Quantification of muscle-derived signal interference during monopolar needle electromyography of a peripheral nerve interface in the rat hind limb

  • Woo S
  • Urbanchek M
  • Leach M
 et al. 
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Abstract

High-fidelity signal acquisition is critical for the fundamental control of a neuroprosthesis. Our group has developed a bio-artificial interface consisting of a muscle graft neurotized by a severed nerve in a rat hind limb model. This regenerative peripheral nerve interface (RPNI) permits nerve signal transmission, amplification, and detection via in situ electromyography (EMG). Our study examined the magnitude of signal interference from simultaneously contracting muscles adjacent to our muscle of interest. In eighteen F344 rats, the extensor digitorum longus (EDL) muscle was used to fabricate simulated RPNI constructs of various sizes in which the neurovascular pedicle was preserved, obviating the need for reinnervation or revascularization. After 3 weeks of recovery, in situ EMG testing was performed using electrical stimulation of the common peroneal nerve. A recording needle was placed in the EDL muscle with a reference/ground electrode in the contralateral toe webspace, comprising a monopolar recording configuration. The superficial peroneal nerve was transected to further isolate stimulation of the anterior compartment. Recordings from the EDL were performed before and after excision of the tibialis anterior (TA) and extensor hallucis longus (EHL) muscles. After TA/EHL excision, EDL compound muscle action potential (CMAP) peak-to-peak amplitudes were significantly lower by an average of 7.4+/-5.6(SD) mV, or 32+/-18%, (paired t(17)=-5.7, p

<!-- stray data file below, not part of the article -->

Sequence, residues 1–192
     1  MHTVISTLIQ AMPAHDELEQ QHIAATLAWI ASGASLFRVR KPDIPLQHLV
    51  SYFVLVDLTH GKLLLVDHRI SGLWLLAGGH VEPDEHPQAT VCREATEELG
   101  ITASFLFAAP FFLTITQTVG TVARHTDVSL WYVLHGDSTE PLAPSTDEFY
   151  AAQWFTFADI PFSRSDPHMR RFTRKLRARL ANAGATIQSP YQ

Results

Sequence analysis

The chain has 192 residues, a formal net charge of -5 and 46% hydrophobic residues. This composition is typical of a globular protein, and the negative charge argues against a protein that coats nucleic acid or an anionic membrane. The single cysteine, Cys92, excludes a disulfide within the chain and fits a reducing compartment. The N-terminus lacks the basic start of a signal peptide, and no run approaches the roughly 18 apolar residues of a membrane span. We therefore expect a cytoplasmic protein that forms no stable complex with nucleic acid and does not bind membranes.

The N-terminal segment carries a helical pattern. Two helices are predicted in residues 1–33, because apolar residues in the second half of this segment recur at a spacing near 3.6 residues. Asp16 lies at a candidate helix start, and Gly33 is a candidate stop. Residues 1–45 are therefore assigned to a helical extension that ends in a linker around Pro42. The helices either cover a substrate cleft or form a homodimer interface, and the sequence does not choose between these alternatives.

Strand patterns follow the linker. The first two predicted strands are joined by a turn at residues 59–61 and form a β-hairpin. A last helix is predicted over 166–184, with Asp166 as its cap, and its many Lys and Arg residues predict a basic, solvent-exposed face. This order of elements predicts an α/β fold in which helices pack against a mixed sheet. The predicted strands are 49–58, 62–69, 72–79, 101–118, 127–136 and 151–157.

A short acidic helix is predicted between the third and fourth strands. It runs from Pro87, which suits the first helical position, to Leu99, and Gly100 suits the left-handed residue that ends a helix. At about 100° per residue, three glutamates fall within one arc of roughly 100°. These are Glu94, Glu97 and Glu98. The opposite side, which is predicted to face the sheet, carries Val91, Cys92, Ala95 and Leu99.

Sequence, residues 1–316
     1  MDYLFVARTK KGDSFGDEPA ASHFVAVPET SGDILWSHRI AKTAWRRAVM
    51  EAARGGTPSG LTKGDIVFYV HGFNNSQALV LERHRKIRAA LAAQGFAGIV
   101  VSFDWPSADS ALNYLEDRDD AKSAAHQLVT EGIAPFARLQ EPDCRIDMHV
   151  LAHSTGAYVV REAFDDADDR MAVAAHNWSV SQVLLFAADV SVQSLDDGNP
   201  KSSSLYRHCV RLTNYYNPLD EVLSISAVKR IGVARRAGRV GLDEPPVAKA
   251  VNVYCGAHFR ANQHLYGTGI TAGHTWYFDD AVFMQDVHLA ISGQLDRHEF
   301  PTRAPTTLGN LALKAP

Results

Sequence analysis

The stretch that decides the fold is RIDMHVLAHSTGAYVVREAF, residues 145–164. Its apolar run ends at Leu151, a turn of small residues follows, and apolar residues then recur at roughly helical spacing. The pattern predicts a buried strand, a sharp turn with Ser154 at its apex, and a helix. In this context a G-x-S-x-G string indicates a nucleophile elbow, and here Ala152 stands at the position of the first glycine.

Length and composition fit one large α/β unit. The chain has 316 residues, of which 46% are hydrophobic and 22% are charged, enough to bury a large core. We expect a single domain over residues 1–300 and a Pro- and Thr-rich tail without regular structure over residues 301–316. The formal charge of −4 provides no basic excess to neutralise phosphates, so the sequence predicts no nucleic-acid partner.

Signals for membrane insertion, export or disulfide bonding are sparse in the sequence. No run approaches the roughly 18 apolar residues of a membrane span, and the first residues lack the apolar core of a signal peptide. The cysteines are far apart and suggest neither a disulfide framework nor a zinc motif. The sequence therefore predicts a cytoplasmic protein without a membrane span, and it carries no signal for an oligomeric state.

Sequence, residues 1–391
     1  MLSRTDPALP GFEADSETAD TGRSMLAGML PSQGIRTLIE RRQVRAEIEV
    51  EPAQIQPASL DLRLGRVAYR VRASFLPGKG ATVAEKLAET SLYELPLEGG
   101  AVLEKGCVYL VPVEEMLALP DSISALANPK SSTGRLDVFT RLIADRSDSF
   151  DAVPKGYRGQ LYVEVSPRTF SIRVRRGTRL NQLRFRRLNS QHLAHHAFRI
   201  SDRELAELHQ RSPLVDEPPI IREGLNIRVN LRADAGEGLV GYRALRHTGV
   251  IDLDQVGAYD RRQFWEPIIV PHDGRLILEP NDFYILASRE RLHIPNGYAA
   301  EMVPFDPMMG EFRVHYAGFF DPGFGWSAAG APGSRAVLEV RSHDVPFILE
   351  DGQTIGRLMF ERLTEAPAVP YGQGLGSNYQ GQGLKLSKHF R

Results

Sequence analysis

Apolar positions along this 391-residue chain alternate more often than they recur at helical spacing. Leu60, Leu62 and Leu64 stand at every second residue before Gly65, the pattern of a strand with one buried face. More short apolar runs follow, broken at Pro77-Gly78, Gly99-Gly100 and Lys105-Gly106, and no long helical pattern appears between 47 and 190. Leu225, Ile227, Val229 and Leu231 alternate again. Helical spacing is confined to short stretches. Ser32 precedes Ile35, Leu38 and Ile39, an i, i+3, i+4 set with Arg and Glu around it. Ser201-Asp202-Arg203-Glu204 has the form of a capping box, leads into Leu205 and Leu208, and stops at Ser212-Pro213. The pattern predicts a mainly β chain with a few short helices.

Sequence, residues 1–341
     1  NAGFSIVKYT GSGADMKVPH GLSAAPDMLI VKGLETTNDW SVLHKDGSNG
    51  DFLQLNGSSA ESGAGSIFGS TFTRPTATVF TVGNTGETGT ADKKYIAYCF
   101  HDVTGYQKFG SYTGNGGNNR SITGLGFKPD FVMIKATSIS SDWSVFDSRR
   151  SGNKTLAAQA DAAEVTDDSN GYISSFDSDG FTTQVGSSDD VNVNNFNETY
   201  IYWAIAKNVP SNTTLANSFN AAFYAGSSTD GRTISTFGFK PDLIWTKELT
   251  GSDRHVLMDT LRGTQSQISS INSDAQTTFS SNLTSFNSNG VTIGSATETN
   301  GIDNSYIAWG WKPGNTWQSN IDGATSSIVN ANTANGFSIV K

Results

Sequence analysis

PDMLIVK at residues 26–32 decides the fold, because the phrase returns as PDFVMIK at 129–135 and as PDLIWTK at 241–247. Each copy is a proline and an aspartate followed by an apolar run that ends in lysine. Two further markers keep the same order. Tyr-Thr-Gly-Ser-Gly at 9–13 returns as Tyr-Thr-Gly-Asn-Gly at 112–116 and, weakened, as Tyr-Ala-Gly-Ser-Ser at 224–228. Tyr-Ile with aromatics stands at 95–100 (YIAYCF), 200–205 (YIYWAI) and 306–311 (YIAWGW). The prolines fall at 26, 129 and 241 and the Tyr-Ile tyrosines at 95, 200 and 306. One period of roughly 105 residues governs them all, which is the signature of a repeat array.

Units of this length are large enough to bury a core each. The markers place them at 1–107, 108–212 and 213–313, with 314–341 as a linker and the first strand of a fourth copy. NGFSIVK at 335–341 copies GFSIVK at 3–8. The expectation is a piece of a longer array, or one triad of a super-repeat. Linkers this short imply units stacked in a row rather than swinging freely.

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Authors

  • Shoshana L. Woo

  • Melanie G. Urbanchek

  • Michelle K. Leach

  • Jana D. Moon

  • Paul Cederna

  • Nicholas B. Langhals

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